A meta-analysis of 69 studies and 13,900 obese patients performed in 2013 identified a high rate of resolution or improvement in OSA following bariatric procedures. The study found that resolution or improvement of OSA for happened in 79% of patient who had Roux-en-Y gastric bypass surgery, 77% of patients who had lap band, and 86% of patients who had sleeve gastrectomy.
Obesity Associated Cancer
Large epidemiology studies have shown that obesity confers an increased risk to various malignancies including cancers of the colon, gallbladder, endometrium, breast and pancreas.
In a prospectively studied population of more than 900,000 U.S. adults with 16 years of follow-up, obese men had 52 percent higher chance of dying from cancer, while obese women had 62 percent higher chance of dying of cancer, compared with normal weight men and women. The authors estimated that overweight and obesity in the United States could account for 14 percent of all deaths from cancer in men and 20 percent of those in women.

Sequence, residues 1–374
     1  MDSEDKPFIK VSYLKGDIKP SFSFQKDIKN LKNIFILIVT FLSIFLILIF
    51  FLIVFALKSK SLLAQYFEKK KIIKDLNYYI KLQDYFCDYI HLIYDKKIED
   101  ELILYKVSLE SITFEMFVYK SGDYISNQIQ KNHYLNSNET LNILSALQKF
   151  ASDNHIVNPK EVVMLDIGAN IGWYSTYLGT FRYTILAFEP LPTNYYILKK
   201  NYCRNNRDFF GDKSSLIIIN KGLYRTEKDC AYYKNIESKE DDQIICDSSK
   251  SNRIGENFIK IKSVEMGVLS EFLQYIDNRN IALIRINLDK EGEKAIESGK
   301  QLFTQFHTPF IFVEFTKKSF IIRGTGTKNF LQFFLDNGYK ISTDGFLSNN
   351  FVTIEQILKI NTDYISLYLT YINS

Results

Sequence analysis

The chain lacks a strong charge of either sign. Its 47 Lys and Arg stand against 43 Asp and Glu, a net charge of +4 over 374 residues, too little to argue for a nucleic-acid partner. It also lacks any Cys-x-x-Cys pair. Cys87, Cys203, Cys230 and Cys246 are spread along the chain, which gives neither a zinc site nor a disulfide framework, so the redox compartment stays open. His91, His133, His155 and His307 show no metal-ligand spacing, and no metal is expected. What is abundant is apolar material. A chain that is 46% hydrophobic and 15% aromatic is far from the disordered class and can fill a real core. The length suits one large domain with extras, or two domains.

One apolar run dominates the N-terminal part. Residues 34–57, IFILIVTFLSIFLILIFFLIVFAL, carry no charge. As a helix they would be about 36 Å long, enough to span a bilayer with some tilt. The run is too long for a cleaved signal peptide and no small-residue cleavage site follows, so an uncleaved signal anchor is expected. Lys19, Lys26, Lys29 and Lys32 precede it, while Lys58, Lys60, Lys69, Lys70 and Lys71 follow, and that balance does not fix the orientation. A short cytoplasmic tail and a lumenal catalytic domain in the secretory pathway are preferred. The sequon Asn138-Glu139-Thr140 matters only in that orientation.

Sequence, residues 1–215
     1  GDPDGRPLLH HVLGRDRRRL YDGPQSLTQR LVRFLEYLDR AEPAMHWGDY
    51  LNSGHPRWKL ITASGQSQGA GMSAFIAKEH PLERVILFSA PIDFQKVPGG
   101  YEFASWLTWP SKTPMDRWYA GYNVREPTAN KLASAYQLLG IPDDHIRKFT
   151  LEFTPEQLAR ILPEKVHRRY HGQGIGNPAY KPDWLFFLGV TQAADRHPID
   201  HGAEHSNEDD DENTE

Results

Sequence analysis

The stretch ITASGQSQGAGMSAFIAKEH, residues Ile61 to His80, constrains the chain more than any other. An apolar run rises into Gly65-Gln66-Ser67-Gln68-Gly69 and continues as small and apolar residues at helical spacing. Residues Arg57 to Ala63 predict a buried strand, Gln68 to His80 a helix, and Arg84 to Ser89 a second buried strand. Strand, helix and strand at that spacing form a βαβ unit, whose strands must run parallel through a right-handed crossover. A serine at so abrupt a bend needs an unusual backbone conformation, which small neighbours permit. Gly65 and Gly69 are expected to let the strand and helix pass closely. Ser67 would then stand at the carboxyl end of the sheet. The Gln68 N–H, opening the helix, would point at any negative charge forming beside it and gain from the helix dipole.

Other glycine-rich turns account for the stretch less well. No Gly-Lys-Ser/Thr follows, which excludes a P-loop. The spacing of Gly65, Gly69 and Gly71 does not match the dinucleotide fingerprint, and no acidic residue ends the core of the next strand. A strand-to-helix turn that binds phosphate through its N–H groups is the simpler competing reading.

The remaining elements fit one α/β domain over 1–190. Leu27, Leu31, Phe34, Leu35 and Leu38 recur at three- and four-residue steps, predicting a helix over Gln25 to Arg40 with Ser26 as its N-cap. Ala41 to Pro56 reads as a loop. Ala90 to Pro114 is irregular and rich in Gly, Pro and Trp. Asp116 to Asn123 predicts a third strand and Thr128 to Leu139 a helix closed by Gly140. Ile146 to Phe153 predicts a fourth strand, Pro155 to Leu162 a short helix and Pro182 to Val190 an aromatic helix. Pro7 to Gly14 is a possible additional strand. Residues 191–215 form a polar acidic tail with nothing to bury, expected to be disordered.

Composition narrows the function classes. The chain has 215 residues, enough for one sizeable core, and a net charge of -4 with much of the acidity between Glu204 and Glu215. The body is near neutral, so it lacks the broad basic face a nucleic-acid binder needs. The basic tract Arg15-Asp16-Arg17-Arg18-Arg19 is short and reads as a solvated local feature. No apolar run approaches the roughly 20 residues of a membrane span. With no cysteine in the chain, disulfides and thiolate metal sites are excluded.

A recent meta-analysis of 82 studies including more than 200,000 patients with breast cancer demonstrated a 75% increase in mortality in premenopausal women and a 34% increase in mortality in postmenopausal women who were obese at the time of breast cancer diagnosis, as compared with patients who were of normal weight at diagnosis.
Bariatric surgery has been shown to reduce the risk of developing new cancers.
A retrospective cohort study from Utah found 40% decrease of all cause mortality and 60% decrease of cancer related mortality
A large retrospective study from Canada showed nearly 80% reduction of cancer incidence after bariatric surgery.
Polycystic Ovary Syndrome and Infertility